“Failure is simply the opportunity to begin again, this time more intelligently.” Henry Ford

We can all be quick to celebrate our successes, but we can possess a natural reluctance to share or talk about failure. And yet, given how complex teaching and learning in the classroom proves, it becomes a necessity that teachers learn from failure and respond intelligently to ensure that they secure success.

Instead of assuming that failure is bad, or caused by blameworthy personal attributes, we need to recognise that failure is a natural occurrence that attends all new learning, particularly when undertaking tasks at the edge of our competence. 

Failure is ever-present when we learn because our brain is brilliant but, ultimately, unreliable. If we can better anticipate such failures, we can teach with greater likelihood of success.

 In my new book, I have defined eight common reasons for failure: 

Infographic of the 8 reasons for learning failures

Learning failure #1 The narrow limits of working memory 

You when that word is on the tip of your tongue, but you can’t recall it? Or when you teach a concept Monday, but by Wednesday it is like it never happened? These are the limits of working memory playing out in daily l learning failures in every classroom. Working memory is essential for new learning and particularly pupils dealing with complex tasks, so it gets a near constant workout. There isn’t an app for expanding your working memory! Instead, teachers need to grapple with storytelling, curriculum sequencing, ‘chunking’, and more.

Learning failure #2 Patchy prior knowledge 

Prior knowledge underpins all successful learning, but pupils’ patchy prior knowledge also bedevils attempts at coherent curriculum design and trips up the best planned teaching. We need to aid pupils to build their knowledge and monitor their comprehension as they read. Worked examples, quality talk, graphic organisers, along with other approaches to effective teaching can help increase the changes of learning success.

Learning failure #3 The nagging nature of misconceptions 

Misconceptions about the world are a constant cause of small learning behaviours. From notions of blue blood in science, to flagrant falsehoods that attend historical figures, pupils – and their teachers – have to manage in a minefield of potential misconceptions. There is no easy, quick fix, but attention to questioning, prediction-making, and crafted repetition can help make a difference. 

Learning failure #4 A curious case of overconfidence 

Confidence is good, right? Well, the social confidence for pupils to speak in front of their peers, or on the stage in the school play is great, but overconfidence in our knowledge or ideas can prove a problem. A failure to judge one’s own learning can lead to poor choices around class learning, homework, revision, and more. We need to help pupils to better judge their learning, and to fend off the failures of overestimation and overconfidence. With confidence tests, delayed judgements, and other strategies, we can help recalibrate confidence and fend of failure.

Learning failure #5 Faulty planning strategies 

We can all fall for the ‘planning fallacy’ – assuming we have more time and capacity than we have, but pupils can be particularly prone to poor planning. Youngsters and teens alike simply don’t plan in the ways we’d hope without ample scaffolding and a range of carefully chosen teaching and learning strategies. There are planning strategies, checklists, and more that can help, when supported with cumulative practice to scaffold independence.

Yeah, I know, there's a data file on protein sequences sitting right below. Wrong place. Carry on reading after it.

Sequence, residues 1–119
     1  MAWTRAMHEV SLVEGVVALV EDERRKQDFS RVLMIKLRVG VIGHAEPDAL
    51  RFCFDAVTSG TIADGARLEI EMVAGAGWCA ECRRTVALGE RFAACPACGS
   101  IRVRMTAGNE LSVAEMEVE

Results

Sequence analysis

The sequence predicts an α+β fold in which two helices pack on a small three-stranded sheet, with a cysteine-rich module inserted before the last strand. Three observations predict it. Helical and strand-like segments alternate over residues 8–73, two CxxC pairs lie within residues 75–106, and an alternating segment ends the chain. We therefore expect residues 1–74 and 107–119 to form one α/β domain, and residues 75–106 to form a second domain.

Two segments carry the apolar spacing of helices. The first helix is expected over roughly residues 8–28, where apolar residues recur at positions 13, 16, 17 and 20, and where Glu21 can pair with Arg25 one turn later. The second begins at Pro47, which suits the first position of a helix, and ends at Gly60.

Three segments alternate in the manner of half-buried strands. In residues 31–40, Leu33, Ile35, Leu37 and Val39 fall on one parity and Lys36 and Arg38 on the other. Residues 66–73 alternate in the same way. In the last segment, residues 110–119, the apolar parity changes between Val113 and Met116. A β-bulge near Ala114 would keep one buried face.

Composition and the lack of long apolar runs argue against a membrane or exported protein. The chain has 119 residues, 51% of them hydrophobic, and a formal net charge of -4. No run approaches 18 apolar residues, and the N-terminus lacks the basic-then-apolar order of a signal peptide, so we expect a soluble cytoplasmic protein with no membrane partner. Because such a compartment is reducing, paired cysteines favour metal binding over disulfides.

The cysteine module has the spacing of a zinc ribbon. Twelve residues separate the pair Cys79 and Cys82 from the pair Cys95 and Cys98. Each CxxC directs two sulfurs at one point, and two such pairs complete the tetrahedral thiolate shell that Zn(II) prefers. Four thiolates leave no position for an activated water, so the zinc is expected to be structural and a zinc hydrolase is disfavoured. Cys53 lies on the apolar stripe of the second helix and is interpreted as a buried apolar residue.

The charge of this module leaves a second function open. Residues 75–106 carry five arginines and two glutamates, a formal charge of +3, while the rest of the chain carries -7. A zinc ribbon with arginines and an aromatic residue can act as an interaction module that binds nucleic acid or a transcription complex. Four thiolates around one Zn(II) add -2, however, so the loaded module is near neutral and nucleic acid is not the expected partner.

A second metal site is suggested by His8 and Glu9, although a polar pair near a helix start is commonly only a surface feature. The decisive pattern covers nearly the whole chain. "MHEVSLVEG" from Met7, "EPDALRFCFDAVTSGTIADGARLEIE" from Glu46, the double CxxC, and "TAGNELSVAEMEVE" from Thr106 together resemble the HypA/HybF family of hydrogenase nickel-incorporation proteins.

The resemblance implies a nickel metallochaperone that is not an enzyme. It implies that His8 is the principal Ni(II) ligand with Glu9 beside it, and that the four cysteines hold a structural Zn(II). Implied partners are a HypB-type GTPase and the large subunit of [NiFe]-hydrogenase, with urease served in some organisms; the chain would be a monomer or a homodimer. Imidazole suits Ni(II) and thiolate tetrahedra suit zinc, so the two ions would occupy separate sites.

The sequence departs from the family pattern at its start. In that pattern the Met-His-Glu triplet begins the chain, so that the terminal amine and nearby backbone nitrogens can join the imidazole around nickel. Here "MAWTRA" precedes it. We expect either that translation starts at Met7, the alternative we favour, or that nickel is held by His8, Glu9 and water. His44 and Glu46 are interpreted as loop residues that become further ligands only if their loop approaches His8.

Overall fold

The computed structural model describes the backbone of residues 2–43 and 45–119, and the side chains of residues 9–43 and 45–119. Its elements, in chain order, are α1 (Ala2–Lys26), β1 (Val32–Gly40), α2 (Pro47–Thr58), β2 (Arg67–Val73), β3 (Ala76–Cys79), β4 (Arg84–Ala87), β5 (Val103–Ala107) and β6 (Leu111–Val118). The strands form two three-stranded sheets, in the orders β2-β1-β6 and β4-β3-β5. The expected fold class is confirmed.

Learning failure #6 An inability to learn independently 

Independence – the pot of gold at the end of the learning rainbow! Everyone in education talks about needing it – bemoans its absence and failures – but there are fewer confident plans to develop it for all our pupils. Whether it is working on an online maths app, or practising a musical instrument, independent learning needs substantial teaching to happen. Paradoxically, offering more independent does not equate to better independent learning. The run up to exams – every year, ever – is a testament to this challenge. We can ‘name’, ‘frame’ and sustain’ independent learning strategies and craft a timely shift of responsibility over to learners – but this stuff is hard, and prone to fail. 

Learning failure #7 Wandering attention and miserly mental effort 

In an age of social media and slick short videos, how can we stave off wandering attention and miserly mental effort? By better understanding split attention, the habit of mind wandering, and attentional bias, we can better craft teaching and learning so that pupils can sustain their mental efforts. Again, an explicit approach can translate failure to success, from switching attention, stimulating interest and ‘cued remembering’ can help. 

Learning failure #8 Falling motivation in the face of failure

All this talk of learning failure reminds us that a lot of classroom experiences can drain our pupils of all their motivation. We just need to consider a pupil whose daily experience is to struggle to read words from the page of a textbook to consider the vital importance of sustaining motivation. Pupils can be nudged from sour grapes to pursuing success with targeted approaches goal-setting, ‘If…then…’ strategies, and much more.                                         

Find out much more about the problems and solutions that can attend learning failure in my new book, ‘Why Learning Fails (And What to Do About It)’, is published on the 8th May

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